Wow, you guys, have I missed blogging! This unexpected blog break went longer than I anticipated. These past few months have been filled with wedding planning and enjoying the summer with my family, but I can't wait to get back into a regular blog routine. Today, I'm super excited to have Kayla Matthews from Productivity Theory sharing some great ways to address anxieties about starting a family. Caleb and I fall into the absolutely-we-want-children category, but I have some friends who are still on the fence. Undecided or not, these four tactics are a must when it comes to deciding to start a family. Be sure to leave some comments on what you all think!
It seems like there are two types of couples in the world: Couples who are absolutely sure they want children and couples who are absolutely sure they do not want kids. In reality, there’s also the category of couples who can’t decide whether or not they want kids.
It makes sense to be in the undecided category. Children can simultaneously be a tremendous blessing and a heavy burden. Child-rearing is not for everyone. There are many concerns that need to be addressed before you take the jump and decide to start a family. Everything from financial planning to discipline techniques will cross your mind as you consider having kids. However, there are ways to confront and dispel your anxieties. If you don’t know whether or not you should start a family, start by addressing your concerns with these four tactics.
You definitely must involve your partner in your decision making process. If you are on the fence about having kids, you need to see where his feelings lie. He may surprise you and be totally on board with having kids, or maybe he has no desire whatsoever. If you haven’t had the “when are we having babies” conversation yet, the time is now!
As soon as you figure out what your partner wants, or if he even knows what he wants, the process will be a little easier. Plan your family together. Talk through all of your anxieties. Is this the right time for you? Will there ever be a right time? Discuss what frightens you about children and discuss what excites you about having kids. Talk about what you want your lives to look like in 10 years. Are there kids in the picture? Are you happily married and childless? If you are undecided, a long conversation about what you and your partner want is just what you need.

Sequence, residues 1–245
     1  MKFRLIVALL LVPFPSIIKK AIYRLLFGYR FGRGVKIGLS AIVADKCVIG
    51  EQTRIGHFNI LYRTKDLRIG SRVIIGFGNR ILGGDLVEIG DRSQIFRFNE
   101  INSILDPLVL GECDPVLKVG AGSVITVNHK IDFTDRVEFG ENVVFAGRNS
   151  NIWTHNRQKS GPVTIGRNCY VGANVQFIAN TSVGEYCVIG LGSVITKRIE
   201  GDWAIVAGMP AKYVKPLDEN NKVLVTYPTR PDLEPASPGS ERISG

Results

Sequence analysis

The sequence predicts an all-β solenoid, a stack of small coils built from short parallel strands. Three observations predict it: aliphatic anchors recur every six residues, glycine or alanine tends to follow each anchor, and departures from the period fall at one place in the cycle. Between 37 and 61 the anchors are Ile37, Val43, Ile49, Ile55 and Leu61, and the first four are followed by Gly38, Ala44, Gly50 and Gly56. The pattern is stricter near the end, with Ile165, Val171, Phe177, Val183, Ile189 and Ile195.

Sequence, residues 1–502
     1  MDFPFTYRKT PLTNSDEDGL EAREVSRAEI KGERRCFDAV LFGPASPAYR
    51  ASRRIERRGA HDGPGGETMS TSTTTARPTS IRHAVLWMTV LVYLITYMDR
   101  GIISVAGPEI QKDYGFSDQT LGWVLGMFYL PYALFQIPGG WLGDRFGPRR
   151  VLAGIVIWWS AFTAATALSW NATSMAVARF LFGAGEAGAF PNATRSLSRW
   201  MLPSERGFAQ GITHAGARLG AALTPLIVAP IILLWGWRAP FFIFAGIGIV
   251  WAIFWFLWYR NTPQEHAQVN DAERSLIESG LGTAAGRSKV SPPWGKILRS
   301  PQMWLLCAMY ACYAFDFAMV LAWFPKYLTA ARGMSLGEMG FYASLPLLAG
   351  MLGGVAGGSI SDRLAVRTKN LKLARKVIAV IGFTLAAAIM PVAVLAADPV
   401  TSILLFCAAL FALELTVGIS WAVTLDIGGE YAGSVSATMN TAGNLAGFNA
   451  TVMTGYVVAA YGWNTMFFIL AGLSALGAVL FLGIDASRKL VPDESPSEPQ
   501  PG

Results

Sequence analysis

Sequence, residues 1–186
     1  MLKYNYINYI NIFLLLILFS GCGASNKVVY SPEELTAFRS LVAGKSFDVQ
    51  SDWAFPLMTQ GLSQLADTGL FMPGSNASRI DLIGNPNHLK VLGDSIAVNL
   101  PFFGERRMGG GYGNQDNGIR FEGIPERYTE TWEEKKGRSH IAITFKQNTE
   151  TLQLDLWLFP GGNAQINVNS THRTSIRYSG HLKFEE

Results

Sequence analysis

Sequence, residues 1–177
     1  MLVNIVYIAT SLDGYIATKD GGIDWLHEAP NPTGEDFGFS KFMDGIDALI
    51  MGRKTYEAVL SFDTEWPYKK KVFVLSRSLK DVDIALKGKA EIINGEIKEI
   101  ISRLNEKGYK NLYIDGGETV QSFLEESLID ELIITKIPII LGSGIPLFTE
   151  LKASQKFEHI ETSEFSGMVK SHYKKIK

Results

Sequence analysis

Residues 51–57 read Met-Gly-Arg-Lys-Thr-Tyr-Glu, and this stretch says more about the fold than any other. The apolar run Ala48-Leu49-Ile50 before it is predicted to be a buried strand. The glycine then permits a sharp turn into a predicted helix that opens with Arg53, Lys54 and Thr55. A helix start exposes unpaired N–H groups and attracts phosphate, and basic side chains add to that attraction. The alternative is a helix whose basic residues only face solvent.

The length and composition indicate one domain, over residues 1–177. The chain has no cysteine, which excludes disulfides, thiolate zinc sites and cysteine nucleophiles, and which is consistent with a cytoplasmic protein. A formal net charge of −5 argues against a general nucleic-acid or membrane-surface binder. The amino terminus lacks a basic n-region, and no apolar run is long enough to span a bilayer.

Also, before you start a family, you need to be sure that your relationship with your partner is in a healthy place. Plan practical ways to nurture your marriage while raising children. If there are any signs of abuse, be it verbal, emotional or physical, you cannot have children. An abusive environment is not a safe place for babies and it’s certainly not safe for the person taking the abuse. Put your relationship’s health first before considering having children.
2. Observe Your Friends With Kids
Chances are strong that you have good friends who already started their families. They may absolutely love being parents. Good for them! You already know their outward opinions. What you need to do is have an open and raw conversation with them.
What is parenthood really like? When will you get past the sleepless nights and, really, how bad is potty-training? They will probably say the kids are worth all of it. Of course it is worth it for those parents because they truly love their kids. Be sure to push them to be honest. What’s worth it to them may not be worth it to you.
Don’t just talk to those friends of yours. Observe them. Do they seem happy overall? Do they seem run down, worn out and just plain tired? To an extent, these are symptoms of parenthood, but are you willing to go through that?
3. Plan Financially
Do some smart financial planning as you consider starting a family. A huge anxiety for couples who can’t decide if they want kids is the financial burden. A child costs a lot of money to raise. A 2010 USDA report on Expenditures on Children by Families says that it can cost anywhere from $8,480 to $23,690, depending on the age of the child. Ask yourself if you are in a good financial position to raise a child. Do you want to raise a family on one income or two? Plan carefully and use logic and reason to think through this concern.
4. Do Your Research
Think about all of the fears you harbor about having a baby. Labor, long nights with no sleep, breastfeeding and even diaper-changing might discourage you from starting a family. Those things are difficult to handle, but certainly not impossible. Read books, follow mommy blogs and ask for advice.
You don’t have to be an expert before you have a baby. There are plenty of resources out there for parents. The internet has everything you need to make an informed decision about even the most specific events. For example, this video checklist tells new parents everything they should consider for their child’s first road trip. You can’t get much more specific than that!
If you’re undecided, someday you’ll need to make a decision. However, there’s nothing wrong with taking the time you need to research, plan and carefully consider starting a family!
What about you? Do you want to start a family? Or are you still on the fence?
Image by Viktor Hanacek